I have a very simple LED driver circuit connected to a 7 segment display and a couple of buttons. I want to move this design to production, on a scale of +1k units.

I have implemented the design on an FPGA partly because it seemed simpler to hook everything together and because the development board I have already has buttons + a 7 seg display. I'm also under the impression that the synthesized design is more easily "transferred" to a PCB. However, I can't figure out a clear answer.

The design is simple enough that I could make it for an MCU pretty easily. AFAIK, with an MCU, you get all your components and the MCU and solder them onto a PCB (for a prototype), and once the design is final, you could get this PCB assembled by other companies. I don't know what the process would be for the FPGA implementation. so I was wondering what advantages/disadvantages there are with going with an MCU or an FPGA based design?

EDIT: I'm trying to figure out the workflow. I'm using Xilinx ISE and I have synthesized vhdl. How do I convert that to a schematic I could get printed? And does this direction offer any advantage to using an MCU based design


If you are about equally at home with an FPGA or a microcontroller for development purposes, a microcontroller will cost less in small quantities.

The lowest cost FPGA listed at DIGIKEY in 1,000 quantity is $US2.85/1000.
Digikey have a microcontroller part which would do this task for about $US0.30. This is an "outlier" and you would usually expect to pay $US0.50 - $1.00 in 1000 quantity. For $US0.68/1000 you get this ST offering - STM8S103xx with UART, SPI, IIC, 5 x 10 bit ADC, multiple timers and 28 I/O lines.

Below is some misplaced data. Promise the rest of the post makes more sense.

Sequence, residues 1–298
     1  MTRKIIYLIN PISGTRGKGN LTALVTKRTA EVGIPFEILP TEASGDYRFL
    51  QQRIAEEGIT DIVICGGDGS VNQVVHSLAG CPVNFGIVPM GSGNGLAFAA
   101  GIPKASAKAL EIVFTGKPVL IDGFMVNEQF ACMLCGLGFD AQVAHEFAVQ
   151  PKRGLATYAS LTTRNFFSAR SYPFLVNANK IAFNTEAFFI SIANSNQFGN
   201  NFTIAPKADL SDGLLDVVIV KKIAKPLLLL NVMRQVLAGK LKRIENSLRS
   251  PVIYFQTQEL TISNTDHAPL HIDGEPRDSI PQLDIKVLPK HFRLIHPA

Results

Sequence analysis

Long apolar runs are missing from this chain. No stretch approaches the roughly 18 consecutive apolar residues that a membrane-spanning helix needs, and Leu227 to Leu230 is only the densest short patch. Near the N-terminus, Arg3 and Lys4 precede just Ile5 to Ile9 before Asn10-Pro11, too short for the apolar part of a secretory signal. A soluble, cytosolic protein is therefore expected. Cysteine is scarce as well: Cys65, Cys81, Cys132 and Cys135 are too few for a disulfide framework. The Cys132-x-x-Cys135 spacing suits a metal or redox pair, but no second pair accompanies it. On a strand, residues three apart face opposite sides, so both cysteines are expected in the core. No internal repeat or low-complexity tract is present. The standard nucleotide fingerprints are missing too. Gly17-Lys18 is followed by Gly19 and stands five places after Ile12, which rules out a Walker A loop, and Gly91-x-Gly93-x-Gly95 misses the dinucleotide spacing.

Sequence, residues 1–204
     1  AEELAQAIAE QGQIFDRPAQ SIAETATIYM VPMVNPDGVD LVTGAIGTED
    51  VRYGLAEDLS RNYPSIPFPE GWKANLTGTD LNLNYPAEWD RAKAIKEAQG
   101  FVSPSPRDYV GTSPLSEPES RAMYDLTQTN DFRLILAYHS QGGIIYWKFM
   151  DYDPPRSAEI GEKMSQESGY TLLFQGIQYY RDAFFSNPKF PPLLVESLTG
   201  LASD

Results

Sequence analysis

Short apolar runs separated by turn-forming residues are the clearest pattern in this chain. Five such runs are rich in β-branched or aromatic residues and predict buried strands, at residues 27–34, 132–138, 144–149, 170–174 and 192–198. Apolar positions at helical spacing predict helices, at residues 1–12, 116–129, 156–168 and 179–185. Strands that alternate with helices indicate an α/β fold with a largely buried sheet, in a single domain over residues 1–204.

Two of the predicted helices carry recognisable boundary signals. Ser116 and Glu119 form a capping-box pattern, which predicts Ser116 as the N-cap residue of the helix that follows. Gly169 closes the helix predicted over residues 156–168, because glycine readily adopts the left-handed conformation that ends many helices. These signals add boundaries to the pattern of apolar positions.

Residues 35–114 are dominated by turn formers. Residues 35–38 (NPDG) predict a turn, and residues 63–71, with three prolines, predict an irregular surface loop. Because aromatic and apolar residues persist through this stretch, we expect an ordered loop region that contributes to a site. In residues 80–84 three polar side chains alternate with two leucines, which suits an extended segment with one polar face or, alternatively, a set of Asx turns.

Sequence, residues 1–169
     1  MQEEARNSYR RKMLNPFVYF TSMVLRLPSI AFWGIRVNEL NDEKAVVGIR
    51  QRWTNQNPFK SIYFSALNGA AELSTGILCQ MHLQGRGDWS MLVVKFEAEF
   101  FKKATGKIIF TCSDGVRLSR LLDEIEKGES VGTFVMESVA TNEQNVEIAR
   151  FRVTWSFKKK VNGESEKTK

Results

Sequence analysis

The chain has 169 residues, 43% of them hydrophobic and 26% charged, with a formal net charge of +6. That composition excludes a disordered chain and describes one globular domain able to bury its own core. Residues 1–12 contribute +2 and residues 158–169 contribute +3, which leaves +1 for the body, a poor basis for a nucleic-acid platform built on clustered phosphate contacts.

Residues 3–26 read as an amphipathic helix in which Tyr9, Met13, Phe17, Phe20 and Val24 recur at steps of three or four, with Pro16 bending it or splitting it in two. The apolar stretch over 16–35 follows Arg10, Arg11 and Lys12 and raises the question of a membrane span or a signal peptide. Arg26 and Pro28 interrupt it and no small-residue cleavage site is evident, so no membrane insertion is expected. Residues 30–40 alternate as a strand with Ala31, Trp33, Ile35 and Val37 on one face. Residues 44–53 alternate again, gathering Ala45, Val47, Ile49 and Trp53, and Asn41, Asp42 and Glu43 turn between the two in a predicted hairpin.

When it comes to doing "bits and pieces" around your core design a microcontroller is going to be substantially more flexible and take less time, unless you are an FPGA guru.

Assembly wise both FPGA and microcontroller are similar. In most cases you will need external driver ICs or discrete components to drive higher current loads - which probably includes your 7 segment display if it is LED (and not if it is LCD).


First you need to figure out what the final schematic and BOM (bill of materials) of your FPGA-based design is. Then price out the parts at 1,000 unit quantity.

Next, design the MCU system, and price out its BOM. Now price that BOM out at 1,000 unit quantity.

Finally, look at the PCB size for both designs. A smaller PCB will be cheaper than a larger PCB, unless the smaller PCB requires more layers.


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